Gas prices in Europe are the lowest in 18 months

As the first anniversary of Russia’s invasion of Ukraine approaches, TTF (Title Transfer Facility) has dropped to a record-low price. Widespread accusations have been leveled against Moscow that it weaponized its gas supply over the past year, limiting supplies to exert pressure on the West to make concessions in the war. Nonetheless, even though the amount of Russian pipeline gas flowing to Europe is only 10% to 15% of what it was a year ago, gas prices have dropped to levels last seen in late 2021.

Current prices

For the first time in this year, the front-month contract at Europe’s top TTF gas hub fell below €50 per MWh ($567 per 1,000 cubic meters) on February 21 due to easing shortage concerns, mild weather, an abundance of LNG, and decreased industrial demand.

The average price per MWh for the March TTF contract during the trading day was €49.3, down from €140 as recently as early December. Since peaking in August of last year, European gas prices have dropped by as much as 85%, reflecting growing trader confidence that the continent will not only get through this winter’s cold snap with adequate gas in stock, but is also well-positioned to avoid shortages next year.

The utilization of Europe’s gas storage facilities is currently at 63.7%, which is historically high for this time of year. This is due to the aforementioned variables as well as the required targets that the EU imposed on member states last summer to increase inventories before winter.

Situation with LNG

Despite this, gas prices are still much higher than they were in the past, indicating that the energy crisis is far from finished. Before a surge of new LNG (liquefied natural gas) supply coming online in the middle of the decade, it is anticipated that the market would remain constrained for several more years.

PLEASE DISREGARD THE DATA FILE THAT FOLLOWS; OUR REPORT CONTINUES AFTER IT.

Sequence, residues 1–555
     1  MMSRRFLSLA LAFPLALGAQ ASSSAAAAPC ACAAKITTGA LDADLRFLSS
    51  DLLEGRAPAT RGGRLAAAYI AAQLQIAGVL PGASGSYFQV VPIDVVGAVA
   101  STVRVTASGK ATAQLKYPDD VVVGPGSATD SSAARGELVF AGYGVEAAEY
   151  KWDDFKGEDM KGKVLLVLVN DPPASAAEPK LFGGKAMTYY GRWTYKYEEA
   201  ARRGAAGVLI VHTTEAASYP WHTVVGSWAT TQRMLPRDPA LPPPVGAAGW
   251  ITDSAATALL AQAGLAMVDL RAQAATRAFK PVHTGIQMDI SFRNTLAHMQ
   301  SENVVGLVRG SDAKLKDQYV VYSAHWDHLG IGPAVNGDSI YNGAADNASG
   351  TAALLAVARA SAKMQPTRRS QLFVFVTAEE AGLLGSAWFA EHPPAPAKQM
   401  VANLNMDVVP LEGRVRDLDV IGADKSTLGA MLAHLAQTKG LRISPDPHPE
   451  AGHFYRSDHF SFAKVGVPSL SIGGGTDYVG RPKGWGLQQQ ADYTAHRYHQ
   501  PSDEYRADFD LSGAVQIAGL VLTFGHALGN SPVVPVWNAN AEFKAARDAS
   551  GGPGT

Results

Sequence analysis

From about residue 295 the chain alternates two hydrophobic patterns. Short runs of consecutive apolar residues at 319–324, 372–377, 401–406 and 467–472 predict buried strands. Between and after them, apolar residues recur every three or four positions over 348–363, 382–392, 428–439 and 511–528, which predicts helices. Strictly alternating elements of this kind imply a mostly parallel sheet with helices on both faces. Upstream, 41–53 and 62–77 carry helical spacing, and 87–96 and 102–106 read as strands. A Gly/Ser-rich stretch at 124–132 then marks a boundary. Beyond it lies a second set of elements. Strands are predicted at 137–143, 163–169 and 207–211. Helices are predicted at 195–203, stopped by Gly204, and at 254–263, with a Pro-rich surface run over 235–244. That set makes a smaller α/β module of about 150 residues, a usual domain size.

In the short future, the outlook will mostly depend on events in China, where a resurgence in the economy and a following upsurge in LNG imports are anticipated after COVID-19 limitations were loosened this year. However, the Freeport LNG terminal in Texas received a license to resume production at one of its liquefaction trains on February 21, which is good news for European consumers.

According to data from Eurostat, EU gas consumption between last August and January this year was 19.3% lower than the average for the same six-year period between 2017 and 2022, reflecting the impact of high prices on European demand this year.

The decrease in demand more than met Brussels’ target of reducing dependency on Russian gas as part of its REPowerEU programme. Ireland was the member country with the smallest percentage reduction in gas usage, with a 0.3% decrease. Finland, Lithuania, and Sweden, on the other hand, reduced demand by 57.3%, 47.9%, and 40.2%, respectively.

Therefore, the EU countries confidently coped with Russian gas blackmail. The obvious goals of the plan appear to be to undermine Kyiv’s partners and, possibly, to incite nationalism. For example, at a protest in Berlin, the far right AfD party demanded “energy security and inflation protection. A co-leader of the party charged that the administration was waging “economic war” against Russia.

Leaders of European countries have repeatedly called these changes irreversible. 

Projects involving renewable energy have benefited from Putin’s energy war with Europe. Installations of solar panels and heat pumps have been one of their most excellent years since the EU sped up the permitting process. To reach 208.9GW in 2022, solar capacity increased by 41.4GW, or 25% annually, and is expected to grow even more rapidly in 2023.

Photo: Reuters

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